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From adaptive/maladaptive behavioral characteristics to varied instructional formats and components, this state-aligned guide covers all 31 competencies/skills within the two major domains. Measure your knowledge and prepare for the real exam by taking the 150-question practice test, which includes full answer rationales as well as question rigor and skill reference. Get the guide that get results. Be prepared to pass your special education certification exam the first time.
This volume will examine the history of special education by categorical areas (e.g., Learning Disabilities, Mental Retardation, and Autistic Spectrum Disorders). Each categorical area chapter will include an examination of: changing definitions, early pioneers in the field, major contributors and their theoretical ideas, changing educational and treatment practices, working with families, the use of technology, assessment practices and legislative acts specific to that categorical area. The volume will also include chapters on the changing philosophy related to educating students with exceptionalities as well as a detailed history of legal and legislation content concerned with special education. The volume will provide readers with a unique perspective on why special education is what it is today.
The goal of this second edition is to provide a comprehensive overview of the philosophical, ethical, methodological, and analytical fundamentals of social science and educational research, as well as specify aspects of special education research that distinguish it from scientific inquiry in other fields of education and human services. Foremost among these distinctions are the research beneficiaries: children with disabilities, their parents, and special educators; the availability of federal funds for research and demonstration projects that seek to improve educational outcomes for children with disabilities; and the historical, philosophical, and legislative bases for the profession of special education. This new edition represents a revision of over 40 percent of the text, with all chapters thoroughly updated with new developments in research topics, designs, and methods that have emerged over the past decade in the field of special education. Also presented is considerable text related to evidence-based practice and quality indicators for special education research in a design-specific context. In offering a broad-based examination of the role of scientific inquiry in contemporary special education, this new edition serves as a text and resource guide for graduate-level students, practitioners, and teachers in the fields of special education, disability studies, early intervention, school psychology, and child and family services. Further, the book aims to not only orient the student or practitioner to the fundamentals of research design, but also introduce him or her to the professional literature in this dynamic field.
In today's schools the number of students who receive additional resources to access the curriculum is growing rapidly, and the ongoing expansion of special education is among the most significant worldwide educational developments of the past century. Yet even among developed democracies the range of access varies hugely, from one student in twenty to one student in three. In contemporary conflicts about educational standards and accountability, special education plays a key role as it draws the boundaries between exclusion and inclusion.Comparing Special Education unites in-depth comparative and historical studies with analyses of global trends, with a particular focus on special and inclusive education in the United States, England, France, and Germany. The authors examine the causes and consequences of various institutional and organizational developments, illustrate differences in forms of educational governance and social policy priorities, and highlight the evolution of social logics from segregation of students with special educational needs to their inclusion in local schools.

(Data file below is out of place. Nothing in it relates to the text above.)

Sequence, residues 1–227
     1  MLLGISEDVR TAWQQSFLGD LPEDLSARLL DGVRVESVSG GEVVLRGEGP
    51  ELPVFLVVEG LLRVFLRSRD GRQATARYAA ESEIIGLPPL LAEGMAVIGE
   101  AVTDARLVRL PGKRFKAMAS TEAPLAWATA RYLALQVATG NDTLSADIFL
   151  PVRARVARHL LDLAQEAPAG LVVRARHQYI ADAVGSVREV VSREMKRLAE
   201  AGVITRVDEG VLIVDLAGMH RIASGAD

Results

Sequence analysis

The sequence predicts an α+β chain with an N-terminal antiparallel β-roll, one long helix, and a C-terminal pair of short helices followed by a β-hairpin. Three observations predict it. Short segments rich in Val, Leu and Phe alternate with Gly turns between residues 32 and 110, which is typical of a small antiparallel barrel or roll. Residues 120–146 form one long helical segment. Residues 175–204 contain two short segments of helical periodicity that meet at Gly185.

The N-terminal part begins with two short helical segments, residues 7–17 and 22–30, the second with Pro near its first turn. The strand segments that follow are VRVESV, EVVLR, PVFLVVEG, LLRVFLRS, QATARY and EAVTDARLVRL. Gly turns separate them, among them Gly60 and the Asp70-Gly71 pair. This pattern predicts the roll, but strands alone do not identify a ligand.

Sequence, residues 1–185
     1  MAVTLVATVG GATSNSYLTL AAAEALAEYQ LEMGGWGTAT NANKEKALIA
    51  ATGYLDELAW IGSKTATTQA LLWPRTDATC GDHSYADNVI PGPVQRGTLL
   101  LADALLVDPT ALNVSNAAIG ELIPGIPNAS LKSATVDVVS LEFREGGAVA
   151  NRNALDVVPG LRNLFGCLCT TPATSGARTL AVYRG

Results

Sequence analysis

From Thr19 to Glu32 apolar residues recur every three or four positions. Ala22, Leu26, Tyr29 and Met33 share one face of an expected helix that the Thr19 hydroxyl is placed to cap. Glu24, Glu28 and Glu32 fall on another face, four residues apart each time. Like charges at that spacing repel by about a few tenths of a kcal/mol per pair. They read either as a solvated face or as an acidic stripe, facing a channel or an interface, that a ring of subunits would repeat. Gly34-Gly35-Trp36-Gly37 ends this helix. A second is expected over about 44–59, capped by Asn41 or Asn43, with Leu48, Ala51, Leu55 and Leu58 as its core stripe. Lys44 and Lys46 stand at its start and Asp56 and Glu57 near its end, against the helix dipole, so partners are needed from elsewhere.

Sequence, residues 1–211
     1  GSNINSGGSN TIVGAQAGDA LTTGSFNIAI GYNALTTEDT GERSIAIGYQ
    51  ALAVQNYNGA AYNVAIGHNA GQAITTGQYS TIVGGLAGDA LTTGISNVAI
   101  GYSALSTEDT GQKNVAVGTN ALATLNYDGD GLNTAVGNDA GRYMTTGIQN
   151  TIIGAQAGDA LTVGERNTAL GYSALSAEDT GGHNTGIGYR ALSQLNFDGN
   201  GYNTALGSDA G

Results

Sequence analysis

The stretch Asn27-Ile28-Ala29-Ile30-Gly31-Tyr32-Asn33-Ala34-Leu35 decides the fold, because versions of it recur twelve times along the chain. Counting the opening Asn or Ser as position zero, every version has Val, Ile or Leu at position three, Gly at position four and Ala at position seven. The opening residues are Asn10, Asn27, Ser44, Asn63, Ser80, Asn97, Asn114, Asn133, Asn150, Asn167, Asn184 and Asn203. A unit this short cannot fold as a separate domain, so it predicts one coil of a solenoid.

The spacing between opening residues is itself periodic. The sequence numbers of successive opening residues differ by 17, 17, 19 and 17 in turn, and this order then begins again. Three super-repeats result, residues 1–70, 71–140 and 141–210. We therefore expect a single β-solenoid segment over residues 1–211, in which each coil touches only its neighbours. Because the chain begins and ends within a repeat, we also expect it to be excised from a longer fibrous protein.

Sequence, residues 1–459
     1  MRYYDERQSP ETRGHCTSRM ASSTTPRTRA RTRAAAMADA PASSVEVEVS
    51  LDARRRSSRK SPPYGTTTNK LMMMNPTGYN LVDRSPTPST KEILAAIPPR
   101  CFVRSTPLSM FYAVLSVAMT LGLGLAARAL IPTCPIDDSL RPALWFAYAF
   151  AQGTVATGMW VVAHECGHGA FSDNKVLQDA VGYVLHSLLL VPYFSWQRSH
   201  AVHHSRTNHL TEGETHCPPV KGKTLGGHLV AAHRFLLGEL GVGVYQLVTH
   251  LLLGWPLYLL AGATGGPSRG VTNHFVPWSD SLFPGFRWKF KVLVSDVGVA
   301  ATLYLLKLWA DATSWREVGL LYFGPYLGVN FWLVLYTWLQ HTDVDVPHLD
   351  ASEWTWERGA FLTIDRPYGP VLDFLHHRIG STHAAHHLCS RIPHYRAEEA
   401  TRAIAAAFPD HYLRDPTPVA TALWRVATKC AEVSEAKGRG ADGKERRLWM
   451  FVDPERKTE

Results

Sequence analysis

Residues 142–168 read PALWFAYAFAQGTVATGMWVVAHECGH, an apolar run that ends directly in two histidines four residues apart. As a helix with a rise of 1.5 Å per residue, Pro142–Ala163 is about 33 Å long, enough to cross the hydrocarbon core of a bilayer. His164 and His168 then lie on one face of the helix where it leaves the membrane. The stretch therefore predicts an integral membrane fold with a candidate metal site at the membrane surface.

Reform in education has focused mainly on development of new programs and procedures to increase the achievement of the student in the classroom. Teacher evaluations are now based on how students perform in their classrooms on yearly standardized tests. The advent of integrating students with special needs into the regular classroom has brought both benefits and concerns for average and above average students. Special education in the United States has evolved from institutional and segregated environments to inclusion in the regular education classrooms. We examine how the practice has affected all students and question whether this change has created equal opportunity for those students without special education needs. This book researches and reports on issues of current practice: e.g., teacher preparation, placement of students with special needs, implications for the average and above in the classroom and the financial costs driving placement decisions in the education system. We examine the lowering of standards so all can pass tests, report on loss of engagement of students by middle school, and mourn the squandering of creativity to appease a mandate. Sir Ken Robinson relates that, "Education is meant to take us into a future we cannot even grasp." Yet we continue on a road that lowers our educational ranking internationally. We recommend to provide services for all students, and take the system from its current state to one that provides a "Free and appropriate education for all "